Modern cars, light trucks, and sport-utility vehicles come with complex
technology such as digital dashboards, oxygen sensors, electronic computers,
unibody construction, and more. They run better, longer, and more
efficiently than models of years past. However, they eventually need to be
Before taking your vehicle in for repairs or service, do your homework so you receive the best possible service.
- Read the owner's manual to learn about the vehicle's systems and components.
- Follow the recommended service schedules.
- Keep a log of all repairs and service.
- Do not ignore any warning signals your car may give you.
- Carry a written list of the symptoms that you can give your mechanic.
- Resist the temptation to suggest a specific course of repair. Allow our experienced technicians to diagnose and recommend a remedy.
- It's important to note when the problem occurs. Is it constant or periodic? Does it occur when the vehicle is cold or after the engine has warmed up? Does it happen at all speeds? Only under acceleration? During braking? When shifting?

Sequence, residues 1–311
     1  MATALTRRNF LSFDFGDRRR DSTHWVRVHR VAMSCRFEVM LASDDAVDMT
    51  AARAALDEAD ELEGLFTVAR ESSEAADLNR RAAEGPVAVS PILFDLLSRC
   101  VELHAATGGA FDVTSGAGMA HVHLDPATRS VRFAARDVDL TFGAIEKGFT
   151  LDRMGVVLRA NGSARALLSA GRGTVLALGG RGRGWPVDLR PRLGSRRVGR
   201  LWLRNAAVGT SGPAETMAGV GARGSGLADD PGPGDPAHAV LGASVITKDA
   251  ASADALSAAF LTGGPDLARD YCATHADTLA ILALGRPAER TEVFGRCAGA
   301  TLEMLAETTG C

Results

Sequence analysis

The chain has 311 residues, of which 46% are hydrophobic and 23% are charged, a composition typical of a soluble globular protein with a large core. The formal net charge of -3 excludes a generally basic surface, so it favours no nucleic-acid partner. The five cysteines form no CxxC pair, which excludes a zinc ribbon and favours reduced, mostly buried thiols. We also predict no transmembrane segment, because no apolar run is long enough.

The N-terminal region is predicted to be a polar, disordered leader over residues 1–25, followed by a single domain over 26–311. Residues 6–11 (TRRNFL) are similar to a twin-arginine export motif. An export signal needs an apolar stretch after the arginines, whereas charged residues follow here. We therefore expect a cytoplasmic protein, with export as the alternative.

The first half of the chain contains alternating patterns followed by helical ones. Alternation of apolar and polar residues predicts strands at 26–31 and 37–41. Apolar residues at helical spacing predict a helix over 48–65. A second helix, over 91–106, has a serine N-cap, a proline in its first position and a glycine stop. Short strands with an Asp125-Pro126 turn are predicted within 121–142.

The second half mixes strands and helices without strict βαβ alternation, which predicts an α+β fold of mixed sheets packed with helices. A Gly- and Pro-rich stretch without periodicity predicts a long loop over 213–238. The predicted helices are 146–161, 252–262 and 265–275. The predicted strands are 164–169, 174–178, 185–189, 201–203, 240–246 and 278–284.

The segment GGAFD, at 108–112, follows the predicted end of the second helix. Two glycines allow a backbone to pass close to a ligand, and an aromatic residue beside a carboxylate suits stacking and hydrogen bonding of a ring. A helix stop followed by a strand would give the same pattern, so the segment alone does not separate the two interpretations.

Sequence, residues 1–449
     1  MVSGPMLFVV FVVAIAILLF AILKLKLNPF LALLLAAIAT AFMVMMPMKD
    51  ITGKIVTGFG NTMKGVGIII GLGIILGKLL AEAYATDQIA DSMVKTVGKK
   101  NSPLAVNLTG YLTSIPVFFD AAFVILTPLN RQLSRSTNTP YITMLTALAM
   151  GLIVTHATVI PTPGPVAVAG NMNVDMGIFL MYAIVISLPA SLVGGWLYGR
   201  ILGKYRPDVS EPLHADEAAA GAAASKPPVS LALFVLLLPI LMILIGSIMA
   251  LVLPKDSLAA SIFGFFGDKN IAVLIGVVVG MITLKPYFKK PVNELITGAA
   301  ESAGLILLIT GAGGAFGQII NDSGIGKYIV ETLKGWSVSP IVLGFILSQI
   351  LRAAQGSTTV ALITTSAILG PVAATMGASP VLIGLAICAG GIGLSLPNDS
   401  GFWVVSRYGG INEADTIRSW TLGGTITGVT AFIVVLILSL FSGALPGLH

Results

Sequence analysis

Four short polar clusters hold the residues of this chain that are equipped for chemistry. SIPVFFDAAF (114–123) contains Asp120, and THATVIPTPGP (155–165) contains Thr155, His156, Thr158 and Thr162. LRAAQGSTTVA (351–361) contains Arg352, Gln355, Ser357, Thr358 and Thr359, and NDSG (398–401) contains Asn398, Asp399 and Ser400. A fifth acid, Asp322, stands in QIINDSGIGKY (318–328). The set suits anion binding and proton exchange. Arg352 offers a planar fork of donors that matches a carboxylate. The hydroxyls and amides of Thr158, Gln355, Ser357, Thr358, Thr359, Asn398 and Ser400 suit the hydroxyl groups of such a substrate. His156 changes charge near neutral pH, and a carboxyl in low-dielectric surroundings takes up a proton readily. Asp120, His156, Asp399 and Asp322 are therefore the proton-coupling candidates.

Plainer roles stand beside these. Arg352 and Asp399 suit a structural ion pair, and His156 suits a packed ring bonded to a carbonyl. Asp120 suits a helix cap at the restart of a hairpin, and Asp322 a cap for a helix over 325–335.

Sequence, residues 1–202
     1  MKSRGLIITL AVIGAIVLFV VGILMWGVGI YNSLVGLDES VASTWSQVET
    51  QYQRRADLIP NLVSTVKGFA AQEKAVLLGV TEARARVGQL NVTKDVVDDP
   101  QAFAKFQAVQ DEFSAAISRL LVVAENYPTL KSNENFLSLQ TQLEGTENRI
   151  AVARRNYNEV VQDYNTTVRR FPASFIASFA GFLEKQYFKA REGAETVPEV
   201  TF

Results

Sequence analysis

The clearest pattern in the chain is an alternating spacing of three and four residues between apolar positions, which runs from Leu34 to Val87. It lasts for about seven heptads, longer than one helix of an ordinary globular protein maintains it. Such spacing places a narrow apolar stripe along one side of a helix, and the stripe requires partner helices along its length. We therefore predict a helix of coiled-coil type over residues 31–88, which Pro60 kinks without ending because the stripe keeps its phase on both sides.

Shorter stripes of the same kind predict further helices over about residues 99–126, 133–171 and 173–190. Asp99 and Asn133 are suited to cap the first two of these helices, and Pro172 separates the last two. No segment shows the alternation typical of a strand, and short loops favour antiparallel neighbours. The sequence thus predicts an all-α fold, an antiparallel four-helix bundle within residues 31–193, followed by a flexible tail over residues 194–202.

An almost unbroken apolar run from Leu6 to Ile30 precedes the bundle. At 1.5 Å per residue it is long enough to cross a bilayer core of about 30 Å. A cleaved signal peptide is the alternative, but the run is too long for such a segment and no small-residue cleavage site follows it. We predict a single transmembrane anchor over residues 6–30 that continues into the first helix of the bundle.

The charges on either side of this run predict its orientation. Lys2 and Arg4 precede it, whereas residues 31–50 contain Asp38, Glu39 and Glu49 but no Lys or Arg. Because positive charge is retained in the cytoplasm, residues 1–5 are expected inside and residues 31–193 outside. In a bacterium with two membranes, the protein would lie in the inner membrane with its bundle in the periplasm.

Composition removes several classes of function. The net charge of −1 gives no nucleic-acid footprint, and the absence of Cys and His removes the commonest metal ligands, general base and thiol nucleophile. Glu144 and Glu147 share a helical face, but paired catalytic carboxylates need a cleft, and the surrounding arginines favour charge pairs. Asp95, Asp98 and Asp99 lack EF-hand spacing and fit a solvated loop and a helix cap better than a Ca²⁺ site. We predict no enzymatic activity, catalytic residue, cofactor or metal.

Check for the following common vehicle maintenance issues on a regular basis:
- Unusual sounds, odors, drips, leaks, smoke, warning lights, gauge readings.
- Changes in acceleration, engine performance, gas mileage, fluid levels.
- Worn tires, belts, hoses.
- Problems in handling, braking, steering, and vibrations.
- When did the problem first start?
How to manage your service experience:
- Ask as many questions as needed to fully understand your repair. Ask for an explanation in laymans terms if necessary.
- Don't rush the technicians. You may be called and apprised of the problem, course of action, and cost before work begins.
- Before you leave, be sure you understand shop policies regarding labor rates, guarantees, and acceptable methods of payment.
- Make sure the shop has your contact information readily available, so you can be reached as soon as possible.
Charles W Weesner, 06/18/2020
I've always trusted the help from Prudence. I'm driving the new CRV across the country when a new noise comes up. I find "wheel bearing fail" as a possible cause in car repair forums. I called to ask advice, and Rodney suggested that the sound "would change" when you swerve while driving. Sure enough, a right turn, hard enough at speed, made the sound disappear. I'm getting a warranty repair in Ohio thanks to the guidance from Prudence back in Arizona. Yes, I bought a Honda instead of a Toyota because I know where I can work with a good mechanic!